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Predictable Preachers or Loose Canons?

The website www.phrases.org is an amazing stop on the electronic information highway, providing insight into the definition and origin of many familiar and not so familiar phrases which get tossed into daily conversation. Recently, as I was studying 1' Corinthians 4:17, the phrase "loose cannon" came to mind (more on that phrase in a moment). In context the apostle Paul is pleading with the Corinthian congregation not to be so enamored and carried away with every Tom, Dick, and Harry (sorry, there's one of those phrases) preacher that comes down the pike (oops, there I go again). The statement in 1st Corinthians 4:17 says, "For this reason I have sent Timothy to you, who is my beloved and faithful son in the Lord, who will remind you of my ways in Christ, as I teach everywhere in every church." There it is! Did you catch it? It's right there, at the end of the verse! The apostle Paul was a predictable preacher — not a loose cannon! Concerning his "ways in Christ" (his way of life in Christ), it was "as I teach everywhere in every church." According to Strong's Concordance the Greek word translated "everywhere" in this verse is pantachou (pronounced "pan-takh-oo") which means "universally; in all places, everywhere." The word "every" is pas which means "all, any, every, the whole." So far as his preaching was concerned, Paul was a predictable preacher, teaching the same thing universally, everywhere he went, in the whole church. Compare that to some preachers and churches today who are "loose cannons." According to www.phrases.org the phrase means "unpredictable." The term had a nautical origin from improperly secured canons which were likely to roll about the deck in a battle or storm and damage the ship. The application is easy to see. Concerning the gospel, all preachers ought to be predictable, anchored to the Bible, teaching the same thing everywhere, in all places, in all churches (1st Corinthians 1:10; 1st Timothy 1:3). Concerning doctrine, the Bible is predictable (unchanging) even if preachers and churches roll around like a boatload of loose canons (see Ephesians 4:4-6; Jude 3).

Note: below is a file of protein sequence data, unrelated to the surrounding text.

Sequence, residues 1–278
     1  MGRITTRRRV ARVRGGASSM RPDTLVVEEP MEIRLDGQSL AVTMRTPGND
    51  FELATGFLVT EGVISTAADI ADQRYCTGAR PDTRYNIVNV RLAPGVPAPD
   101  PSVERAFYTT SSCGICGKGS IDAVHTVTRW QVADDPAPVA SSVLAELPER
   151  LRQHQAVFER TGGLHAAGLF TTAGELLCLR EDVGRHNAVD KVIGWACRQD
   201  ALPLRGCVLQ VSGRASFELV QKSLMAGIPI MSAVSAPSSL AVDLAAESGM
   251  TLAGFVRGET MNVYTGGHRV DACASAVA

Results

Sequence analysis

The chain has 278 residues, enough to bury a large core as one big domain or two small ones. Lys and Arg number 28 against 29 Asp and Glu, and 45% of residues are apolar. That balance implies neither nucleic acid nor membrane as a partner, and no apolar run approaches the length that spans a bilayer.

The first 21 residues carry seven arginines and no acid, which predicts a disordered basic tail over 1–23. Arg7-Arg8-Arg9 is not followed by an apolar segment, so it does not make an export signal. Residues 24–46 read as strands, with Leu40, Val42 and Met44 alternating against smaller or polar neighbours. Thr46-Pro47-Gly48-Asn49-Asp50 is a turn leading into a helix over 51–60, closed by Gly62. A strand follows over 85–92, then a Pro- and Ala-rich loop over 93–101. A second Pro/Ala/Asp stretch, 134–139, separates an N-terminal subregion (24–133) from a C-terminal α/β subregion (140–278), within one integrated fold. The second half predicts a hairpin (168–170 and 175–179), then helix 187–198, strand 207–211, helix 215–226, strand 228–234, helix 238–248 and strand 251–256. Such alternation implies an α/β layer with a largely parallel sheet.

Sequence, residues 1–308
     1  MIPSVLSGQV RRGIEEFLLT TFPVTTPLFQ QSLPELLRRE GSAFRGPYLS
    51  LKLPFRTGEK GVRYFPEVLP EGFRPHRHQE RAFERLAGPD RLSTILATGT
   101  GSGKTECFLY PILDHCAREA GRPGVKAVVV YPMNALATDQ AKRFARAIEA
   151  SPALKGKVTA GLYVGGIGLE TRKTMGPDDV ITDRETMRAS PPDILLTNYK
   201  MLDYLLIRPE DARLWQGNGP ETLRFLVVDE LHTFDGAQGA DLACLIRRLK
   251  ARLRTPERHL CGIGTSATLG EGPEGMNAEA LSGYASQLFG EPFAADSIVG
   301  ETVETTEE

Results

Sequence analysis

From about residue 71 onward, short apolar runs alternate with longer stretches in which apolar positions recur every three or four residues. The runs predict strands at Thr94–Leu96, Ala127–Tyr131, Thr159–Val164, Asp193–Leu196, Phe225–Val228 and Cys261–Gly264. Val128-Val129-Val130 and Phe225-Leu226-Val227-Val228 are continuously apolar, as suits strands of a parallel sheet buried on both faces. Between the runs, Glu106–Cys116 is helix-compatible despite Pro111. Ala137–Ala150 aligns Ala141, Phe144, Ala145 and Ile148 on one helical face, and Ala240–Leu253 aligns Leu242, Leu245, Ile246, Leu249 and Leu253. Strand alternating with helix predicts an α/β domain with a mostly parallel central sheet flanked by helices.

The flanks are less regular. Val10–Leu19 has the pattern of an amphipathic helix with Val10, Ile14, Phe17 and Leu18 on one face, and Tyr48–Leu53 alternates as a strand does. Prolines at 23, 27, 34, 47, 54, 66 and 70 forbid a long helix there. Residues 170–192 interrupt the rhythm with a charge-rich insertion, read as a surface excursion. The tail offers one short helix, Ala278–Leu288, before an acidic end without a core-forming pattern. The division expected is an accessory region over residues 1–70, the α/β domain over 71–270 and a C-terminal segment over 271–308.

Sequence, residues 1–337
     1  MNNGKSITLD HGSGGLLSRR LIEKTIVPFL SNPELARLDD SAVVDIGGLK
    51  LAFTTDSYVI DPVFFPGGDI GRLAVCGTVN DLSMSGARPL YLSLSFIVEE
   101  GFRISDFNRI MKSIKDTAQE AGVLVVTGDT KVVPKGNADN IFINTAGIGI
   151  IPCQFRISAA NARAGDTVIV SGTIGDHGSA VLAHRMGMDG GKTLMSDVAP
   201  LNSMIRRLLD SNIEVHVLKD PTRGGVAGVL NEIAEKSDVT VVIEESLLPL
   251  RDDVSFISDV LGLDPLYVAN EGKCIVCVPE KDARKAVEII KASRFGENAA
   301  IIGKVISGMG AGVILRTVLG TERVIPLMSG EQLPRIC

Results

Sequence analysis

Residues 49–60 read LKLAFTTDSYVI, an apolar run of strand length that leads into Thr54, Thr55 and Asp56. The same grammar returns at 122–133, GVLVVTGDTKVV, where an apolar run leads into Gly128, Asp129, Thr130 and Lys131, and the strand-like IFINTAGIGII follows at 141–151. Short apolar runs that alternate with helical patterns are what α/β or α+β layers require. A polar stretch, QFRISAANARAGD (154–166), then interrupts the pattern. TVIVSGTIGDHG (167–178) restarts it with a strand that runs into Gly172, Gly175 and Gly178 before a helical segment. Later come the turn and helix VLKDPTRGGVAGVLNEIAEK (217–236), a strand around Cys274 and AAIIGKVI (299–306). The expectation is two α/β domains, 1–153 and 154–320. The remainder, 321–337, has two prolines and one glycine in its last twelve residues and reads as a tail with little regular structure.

In his book, Up From Slavery, Booker T. Washington explained that during the period after the Civil War, many people became teachers thinking it would be an easy way to make a living. One such fellow went from village to village, teaching for awhile and receiving pay for it. As he entered one town, the people asked if he taught that the earth is round or flat. He replied that he was prepared to teach either way. ...based on the preference of a majority of his patrons!  How is it where you worship? Is your preacher predictable, or is he a loose cannon?

Dan Gulley
Smithville church of Christ